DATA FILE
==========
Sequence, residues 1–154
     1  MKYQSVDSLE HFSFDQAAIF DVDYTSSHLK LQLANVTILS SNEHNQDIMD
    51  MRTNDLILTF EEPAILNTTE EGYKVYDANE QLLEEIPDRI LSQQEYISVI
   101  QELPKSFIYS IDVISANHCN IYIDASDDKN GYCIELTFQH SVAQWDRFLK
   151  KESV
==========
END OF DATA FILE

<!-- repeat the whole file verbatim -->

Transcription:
Sequence, residues 1–154
     1  MKYQSVDSLE HFSFDQAAIF DVDYTSSHLK LQLANVTILS SNEHNQDIMD
    51  MRTNDLILTF EEPAILNTTE EGYKVYDANE QLLEEIPDRI LSQQEYISVI
   101  QELPKSFIYS IDVISANHCN IYIDASDDKN GYCIELTFQH SVAQWDRFLK
   151  KESV